In August 1941, with the Nazi march across Europe in full execution, the rhetorical force of collective human rights found expression in the Atlantic Charter produced by the United States and Great Britain. The Charter stated among other tenets that “all people have the right to choose the form of government under which they live”.
It boldly declared that for those people who had been denied this fundamental right, the goal of the war was to see “sovereign rights and self-government restored to those who have been forcefully deprived of them”.
For the 750 million colonial subjects and the tens of thousands conscripted to fight in the war, this was music to their ears.
The Atlantic Charter served as the basis for the Declaration of the United Nations, in January 1942 by 26 nations then at war and subsequently by 21 other nations. The Declaration endorsed the Atlantic Charter and expressed the conviction that complete victory over their enemies is essential to defend life, liberty, independence and religious freedom, and to preserve human rights and justice in their own lands as well as in other lands.
Finally, many of the colonial subjects believed the principles of the war and the fight against racism and white dominance in Europe would allow all still colonised, and denied national democratic rights, to assume a new status as full human beings and exercise national rights just like white Europeans.
However, Winston Churchill and Franklin Delano Roosevelt, the British and US leaders made it clear that the principles in the Atlantic Charter did not apply to colonial subjects in colonial territories but only to those nations in Europe under the “Nazi yoke”.
What happened to the human rights idea?
Samuel Huntington was clear in “Clash of Civilisations”: “The West won the world not by the superiority of its ideas or values or religion (to which few members of other civilisations were converted) but rather by its superiority in applying organised violence. Westerners often forget this fact; non-Westerners never do.”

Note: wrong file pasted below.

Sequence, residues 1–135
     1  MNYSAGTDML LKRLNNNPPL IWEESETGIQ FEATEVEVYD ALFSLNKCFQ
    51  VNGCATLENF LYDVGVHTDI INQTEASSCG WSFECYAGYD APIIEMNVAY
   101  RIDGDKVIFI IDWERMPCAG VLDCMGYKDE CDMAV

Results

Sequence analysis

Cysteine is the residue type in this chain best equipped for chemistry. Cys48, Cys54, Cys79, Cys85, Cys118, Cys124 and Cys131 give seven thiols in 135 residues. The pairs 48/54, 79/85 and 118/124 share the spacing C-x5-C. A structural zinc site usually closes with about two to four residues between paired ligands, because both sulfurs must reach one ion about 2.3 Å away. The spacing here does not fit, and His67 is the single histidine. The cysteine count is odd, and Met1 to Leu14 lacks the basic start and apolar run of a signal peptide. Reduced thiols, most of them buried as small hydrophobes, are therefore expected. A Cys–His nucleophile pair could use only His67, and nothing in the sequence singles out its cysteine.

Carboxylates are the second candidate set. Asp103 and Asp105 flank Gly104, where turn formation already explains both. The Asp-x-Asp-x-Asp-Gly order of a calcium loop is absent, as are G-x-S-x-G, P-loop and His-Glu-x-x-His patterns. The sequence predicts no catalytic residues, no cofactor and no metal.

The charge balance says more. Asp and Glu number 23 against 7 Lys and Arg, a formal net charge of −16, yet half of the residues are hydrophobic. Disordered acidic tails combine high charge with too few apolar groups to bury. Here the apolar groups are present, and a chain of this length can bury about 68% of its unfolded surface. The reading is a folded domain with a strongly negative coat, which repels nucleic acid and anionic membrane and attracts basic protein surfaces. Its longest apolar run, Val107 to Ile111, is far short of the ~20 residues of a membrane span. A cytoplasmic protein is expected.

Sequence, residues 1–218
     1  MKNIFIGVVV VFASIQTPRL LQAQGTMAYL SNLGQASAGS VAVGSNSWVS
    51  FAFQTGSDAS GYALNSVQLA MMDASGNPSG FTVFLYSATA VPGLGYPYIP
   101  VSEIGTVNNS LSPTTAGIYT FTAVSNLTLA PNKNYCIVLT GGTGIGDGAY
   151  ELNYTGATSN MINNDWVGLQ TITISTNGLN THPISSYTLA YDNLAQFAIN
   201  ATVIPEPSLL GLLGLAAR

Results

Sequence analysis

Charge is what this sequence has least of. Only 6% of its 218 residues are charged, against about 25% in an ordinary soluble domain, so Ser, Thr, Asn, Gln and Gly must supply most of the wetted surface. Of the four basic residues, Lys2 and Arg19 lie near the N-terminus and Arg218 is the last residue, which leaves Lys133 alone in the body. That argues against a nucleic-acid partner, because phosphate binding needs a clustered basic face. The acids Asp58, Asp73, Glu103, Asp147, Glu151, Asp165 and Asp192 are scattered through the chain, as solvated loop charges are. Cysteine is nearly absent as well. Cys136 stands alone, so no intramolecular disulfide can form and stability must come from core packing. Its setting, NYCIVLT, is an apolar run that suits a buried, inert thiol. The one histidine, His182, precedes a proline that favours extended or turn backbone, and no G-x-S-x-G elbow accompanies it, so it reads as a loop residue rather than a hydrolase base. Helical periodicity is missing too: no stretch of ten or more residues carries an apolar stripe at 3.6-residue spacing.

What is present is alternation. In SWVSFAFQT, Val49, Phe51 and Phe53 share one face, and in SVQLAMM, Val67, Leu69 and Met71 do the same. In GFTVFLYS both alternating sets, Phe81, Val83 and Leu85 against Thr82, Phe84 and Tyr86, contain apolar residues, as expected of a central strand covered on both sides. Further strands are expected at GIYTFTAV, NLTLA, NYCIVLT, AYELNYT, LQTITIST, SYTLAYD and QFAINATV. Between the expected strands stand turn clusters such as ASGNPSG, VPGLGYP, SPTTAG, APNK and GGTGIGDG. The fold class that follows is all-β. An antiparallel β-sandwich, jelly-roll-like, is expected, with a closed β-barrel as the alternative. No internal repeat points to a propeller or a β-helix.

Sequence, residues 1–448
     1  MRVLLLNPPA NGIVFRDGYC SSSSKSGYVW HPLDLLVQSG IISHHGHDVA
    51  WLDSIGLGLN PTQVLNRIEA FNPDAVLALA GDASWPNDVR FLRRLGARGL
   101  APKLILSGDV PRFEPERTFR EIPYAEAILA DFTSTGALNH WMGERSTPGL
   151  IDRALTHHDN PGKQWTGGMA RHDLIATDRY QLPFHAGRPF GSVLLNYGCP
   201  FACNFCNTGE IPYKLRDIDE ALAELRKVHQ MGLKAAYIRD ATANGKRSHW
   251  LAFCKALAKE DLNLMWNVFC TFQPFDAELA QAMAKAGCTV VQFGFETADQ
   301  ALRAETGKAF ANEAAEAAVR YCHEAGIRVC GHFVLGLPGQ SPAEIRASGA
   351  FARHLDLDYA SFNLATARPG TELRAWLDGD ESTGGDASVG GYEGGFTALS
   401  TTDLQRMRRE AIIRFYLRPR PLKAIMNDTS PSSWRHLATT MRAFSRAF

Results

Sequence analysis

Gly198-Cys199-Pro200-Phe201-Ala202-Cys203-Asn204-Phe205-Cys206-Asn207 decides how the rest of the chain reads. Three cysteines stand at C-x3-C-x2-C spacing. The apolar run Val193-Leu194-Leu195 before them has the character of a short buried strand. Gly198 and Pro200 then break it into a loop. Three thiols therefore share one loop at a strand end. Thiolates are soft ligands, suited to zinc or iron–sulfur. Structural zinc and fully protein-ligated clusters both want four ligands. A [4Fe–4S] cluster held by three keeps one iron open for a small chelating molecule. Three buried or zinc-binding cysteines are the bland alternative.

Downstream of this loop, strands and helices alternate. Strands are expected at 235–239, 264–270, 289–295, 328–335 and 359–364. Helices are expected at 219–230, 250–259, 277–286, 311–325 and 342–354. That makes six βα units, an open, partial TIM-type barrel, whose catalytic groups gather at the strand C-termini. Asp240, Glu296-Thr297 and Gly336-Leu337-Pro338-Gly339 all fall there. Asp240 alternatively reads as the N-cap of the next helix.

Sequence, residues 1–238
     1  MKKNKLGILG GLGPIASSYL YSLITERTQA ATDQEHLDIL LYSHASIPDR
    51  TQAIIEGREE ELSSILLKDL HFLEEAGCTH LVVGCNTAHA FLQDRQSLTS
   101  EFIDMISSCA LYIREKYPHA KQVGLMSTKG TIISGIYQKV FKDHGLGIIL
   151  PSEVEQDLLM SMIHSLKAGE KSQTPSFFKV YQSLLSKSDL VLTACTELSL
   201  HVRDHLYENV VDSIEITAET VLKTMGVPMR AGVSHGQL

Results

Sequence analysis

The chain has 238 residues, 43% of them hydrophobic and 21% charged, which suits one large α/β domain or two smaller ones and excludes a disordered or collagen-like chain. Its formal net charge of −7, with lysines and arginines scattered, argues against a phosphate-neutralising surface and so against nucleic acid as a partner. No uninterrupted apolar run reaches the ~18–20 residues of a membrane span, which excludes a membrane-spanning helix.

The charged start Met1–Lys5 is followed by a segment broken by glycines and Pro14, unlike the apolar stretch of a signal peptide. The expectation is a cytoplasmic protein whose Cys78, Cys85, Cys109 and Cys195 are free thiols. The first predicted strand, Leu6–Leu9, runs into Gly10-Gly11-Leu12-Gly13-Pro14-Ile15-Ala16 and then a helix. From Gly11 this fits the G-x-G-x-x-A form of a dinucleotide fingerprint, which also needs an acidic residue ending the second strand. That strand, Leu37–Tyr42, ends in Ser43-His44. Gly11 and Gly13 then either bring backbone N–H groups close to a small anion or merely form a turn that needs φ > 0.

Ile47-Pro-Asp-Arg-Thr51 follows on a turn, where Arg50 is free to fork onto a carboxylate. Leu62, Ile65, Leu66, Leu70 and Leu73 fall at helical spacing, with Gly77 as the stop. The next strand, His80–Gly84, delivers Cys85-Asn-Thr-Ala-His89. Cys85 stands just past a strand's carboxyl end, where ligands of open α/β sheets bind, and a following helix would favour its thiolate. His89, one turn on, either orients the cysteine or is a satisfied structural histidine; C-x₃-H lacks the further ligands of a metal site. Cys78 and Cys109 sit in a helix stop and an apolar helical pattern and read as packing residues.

So, when the interests of maintaining the Pan-European colonial/capitalist project, which is fundamentally grounded in systematic violence, clashed with respect for the “inherent dignity of all members of the human family” and their human rights and fundamental freedoms, those high-sounding liberal principles were sacrificed at the altar of realpolitik. In fact, they were not actually sacrificed. Because as we have witnessed, those liberal principles were never meant to apply to non-Europeans colonial subjects.
The European empires of the late 19th and early 20th centuries, exhausted from two devastating wars found themselves as wounded vassals to a newly emergent hegemon — the United States, which was now the unchallenged leader of the Western capitalist world, or what imperialist propagandists would call the “free world”.
British, French and the Portuguese still dependent on their colonial empires but weakened by the war, nevertheless, were compelled to attempt to re-impose themselves on their colonial subjects after the war. These efforts were supported by the United States in what Kwame Nkrumah called the post-war process of “collective imperialism”.
Therefore, despite the promulgation of the UDHR, individual and collective human rights were violated from Algeria and Vietnam, to Kenya, India and eventually Angola and Mozambique and many nations in between. The commitment to maintain European colonial/capitalist dominance resulted in a veritable bloodbath in which literally millions died and whole nations and cultures destroyed.